Projected Changes in the Terrestrial and Oceanic Regulators of Climate Variability Across Sub-Saharan Africa

Tuesday, December 10, 2019 - 08:00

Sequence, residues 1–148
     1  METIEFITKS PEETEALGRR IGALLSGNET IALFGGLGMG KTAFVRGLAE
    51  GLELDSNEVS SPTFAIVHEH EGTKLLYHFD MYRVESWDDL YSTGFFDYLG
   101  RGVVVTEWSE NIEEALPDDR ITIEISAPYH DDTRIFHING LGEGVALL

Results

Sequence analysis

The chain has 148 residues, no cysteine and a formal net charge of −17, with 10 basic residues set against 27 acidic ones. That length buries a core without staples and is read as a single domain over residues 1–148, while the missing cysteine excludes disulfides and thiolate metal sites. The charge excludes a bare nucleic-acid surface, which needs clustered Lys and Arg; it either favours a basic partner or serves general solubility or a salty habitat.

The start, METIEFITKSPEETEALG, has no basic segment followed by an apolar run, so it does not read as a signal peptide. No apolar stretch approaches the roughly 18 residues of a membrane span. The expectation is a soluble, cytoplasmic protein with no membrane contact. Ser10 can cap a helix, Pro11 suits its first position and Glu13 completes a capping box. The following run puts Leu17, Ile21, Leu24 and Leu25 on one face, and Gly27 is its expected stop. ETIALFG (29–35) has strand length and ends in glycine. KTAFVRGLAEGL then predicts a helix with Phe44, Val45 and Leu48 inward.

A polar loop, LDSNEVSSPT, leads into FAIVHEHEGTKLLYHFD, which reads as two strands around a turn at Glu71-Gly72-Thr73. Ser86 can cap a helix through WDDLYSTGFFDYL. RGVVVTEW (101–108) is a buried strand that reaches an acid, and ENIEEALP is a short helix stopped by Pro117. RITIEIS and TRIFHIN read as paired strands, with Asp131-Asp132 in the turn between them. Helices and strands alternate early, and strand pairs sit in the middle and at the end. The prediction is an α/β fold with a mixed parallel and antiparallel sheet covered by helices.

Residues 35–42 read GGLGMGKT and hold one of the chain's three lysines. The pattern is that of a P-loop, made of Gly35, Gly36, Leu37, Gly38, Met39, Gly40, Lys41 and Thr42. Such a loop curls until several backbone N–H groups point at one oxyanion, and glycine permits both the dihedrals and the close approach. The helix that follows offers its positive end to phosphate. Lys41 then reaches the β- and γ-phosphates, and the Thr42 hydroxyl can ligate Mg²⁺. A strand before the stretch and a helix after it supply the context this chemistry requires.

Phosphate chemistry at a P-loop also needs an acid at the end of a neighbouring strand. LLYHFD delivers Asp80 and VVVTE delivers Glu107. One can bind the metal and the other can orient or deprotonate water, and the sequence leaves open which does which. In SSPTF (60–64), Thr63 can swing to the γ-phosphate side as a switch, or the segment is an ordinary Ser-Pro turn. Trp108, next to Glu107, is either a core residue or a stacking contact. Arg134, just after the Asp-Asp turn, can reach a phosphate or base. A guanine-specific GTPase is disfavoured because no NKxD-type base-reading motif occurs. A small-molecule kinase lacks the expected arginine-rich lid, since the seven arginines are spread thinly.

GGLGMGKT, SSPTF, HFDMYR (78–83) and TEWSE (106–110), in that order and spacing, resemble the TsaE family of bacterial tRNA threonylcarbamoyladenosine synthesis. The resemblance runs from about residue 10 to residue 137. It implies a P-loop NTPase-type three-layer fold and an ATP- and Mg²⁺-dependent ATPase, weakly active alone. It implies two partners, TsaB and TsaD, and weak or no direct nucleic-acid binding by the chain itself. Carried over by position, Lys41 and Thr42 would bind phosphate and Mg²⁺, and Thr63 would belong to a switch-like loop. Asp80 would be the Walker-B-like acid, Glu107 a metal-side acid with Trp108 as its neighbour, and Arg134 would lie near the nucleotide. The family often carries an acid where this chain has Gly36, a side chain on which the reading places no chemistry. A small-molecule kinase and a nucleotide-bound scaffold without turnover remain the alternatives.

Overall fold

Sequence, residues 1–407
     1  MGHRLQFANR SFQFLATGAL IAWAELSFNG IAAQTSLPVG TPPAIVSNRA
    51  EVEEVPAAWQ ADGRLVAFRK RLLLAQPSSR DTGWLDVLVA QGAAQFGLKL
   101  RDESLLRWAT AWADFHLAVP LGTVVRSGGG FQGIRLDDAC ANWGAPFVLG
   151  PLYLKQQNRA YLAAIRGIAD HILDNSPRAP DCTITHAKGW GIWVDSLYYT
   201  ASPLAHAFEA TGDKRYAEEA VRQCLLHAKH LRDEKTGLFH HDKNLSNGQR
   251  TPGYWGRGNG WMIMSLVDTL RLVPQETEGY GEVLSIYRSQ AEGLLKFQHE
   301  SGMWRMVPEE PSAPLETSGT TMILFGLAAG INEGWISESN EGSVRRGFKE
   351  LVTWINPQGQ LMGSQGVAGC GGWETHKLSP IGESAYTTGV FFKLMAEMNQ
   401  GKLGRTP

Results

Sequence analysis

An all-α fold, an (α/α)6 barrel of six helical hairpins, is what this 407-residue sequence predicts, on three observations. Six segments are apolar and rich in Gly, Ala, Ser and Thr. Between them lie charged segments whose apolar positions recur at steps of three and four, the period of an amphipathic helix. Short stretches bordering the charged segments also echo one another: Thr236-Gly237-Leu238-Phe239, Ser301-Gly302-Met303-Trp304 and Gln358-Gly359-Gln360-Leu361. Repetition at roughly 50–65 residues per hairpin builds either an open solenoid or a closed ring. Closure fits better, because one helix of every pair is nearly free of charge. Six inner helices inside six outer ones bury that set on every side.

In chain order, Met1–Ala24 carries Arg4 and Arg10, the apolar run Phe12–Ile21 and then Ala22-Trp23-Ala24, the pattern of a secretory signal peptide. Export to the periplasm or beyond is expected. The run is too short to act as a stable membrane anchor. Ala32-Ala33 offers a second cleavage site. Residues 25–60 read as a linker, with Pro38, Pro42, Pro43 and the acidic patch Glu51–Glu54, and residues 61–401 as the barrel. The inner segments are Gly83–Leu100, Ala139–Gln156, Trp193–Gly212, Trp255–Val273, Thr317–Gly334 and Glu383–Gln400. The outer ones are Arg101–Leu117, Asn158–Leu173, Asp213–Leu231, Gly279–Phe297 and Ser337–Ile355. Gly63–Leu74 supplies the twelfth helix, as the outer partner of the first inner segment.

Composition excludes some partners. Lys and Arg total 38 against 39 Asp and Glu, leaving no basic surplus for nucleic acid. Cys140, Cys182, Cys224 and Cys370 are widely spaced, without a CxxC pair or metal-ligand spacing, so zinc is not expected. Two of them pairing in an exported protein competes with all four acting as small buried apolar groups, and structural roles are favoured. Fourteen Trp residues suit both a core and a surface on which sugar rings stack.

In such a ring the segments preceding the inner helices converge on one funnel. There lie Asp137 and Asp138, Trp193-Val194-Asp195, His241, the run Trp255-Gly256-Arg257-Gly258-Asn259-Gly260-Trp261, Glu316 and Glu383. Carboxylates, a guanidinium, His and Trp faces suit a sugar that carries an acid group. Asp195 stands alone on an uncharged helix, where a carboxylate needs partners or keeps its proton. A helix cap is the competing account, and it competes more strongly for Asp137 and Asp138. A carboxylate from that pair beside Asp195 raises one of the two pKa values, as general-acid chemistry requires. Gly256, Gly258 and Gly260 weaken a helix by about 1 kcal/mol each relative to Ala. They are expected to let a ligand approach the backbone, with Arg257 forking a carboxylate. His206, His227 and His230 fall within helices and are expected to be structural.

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Despite their implications for climate change projections, extreme events, and climate predictability, future changes in the sign and magnitude of land-atmosphere interactions have received insufficient attention. The potential for the physiological effect of rising atmospheric carbon dioxide levels to alter the strength of land-atmosphere coupling through modifications in heat, moisture, and momentum exchange remains poorly understood. By applying the Stepwise Generalized Equilibrium Feedback Assessment (SGEFA), the current study focuses on projected changes in the terrestrial and oceanic regulators of climate variability across sub-Saharan Africa, including the Sahel, Horn of Africa (HOA), West African monsoon (WAM) region, and Congo, by the late 21st century based on the Coupled Model Intercomparison Project Phase Five (CMIP5) global climate models. The poverty-stricken sub-Saharan nations are characterized by rapid population growth, reliance on rainfed agriculture, and thus high socio-economic vulnerability to hydrological variability. Projected changes include the greatest warming across the Sahel, most pronounced hydrological and land surface changes across the HOA, a more persistent monsoon, intensified HOA short rains, and enhanced greening across the HOA. The oceans are projected to become weaker regulators of sub-Saharan African climate later this century, most notably for air temperature. In terms of terrestrial forcings, the atmosphere is projected to become increasing decoupled from vegetation forcings over sub-Saharan Africa, especially for evapotranspiration and outgoing longwave radiation, but increasingly coupled to soil moisture forcings across the Congo.

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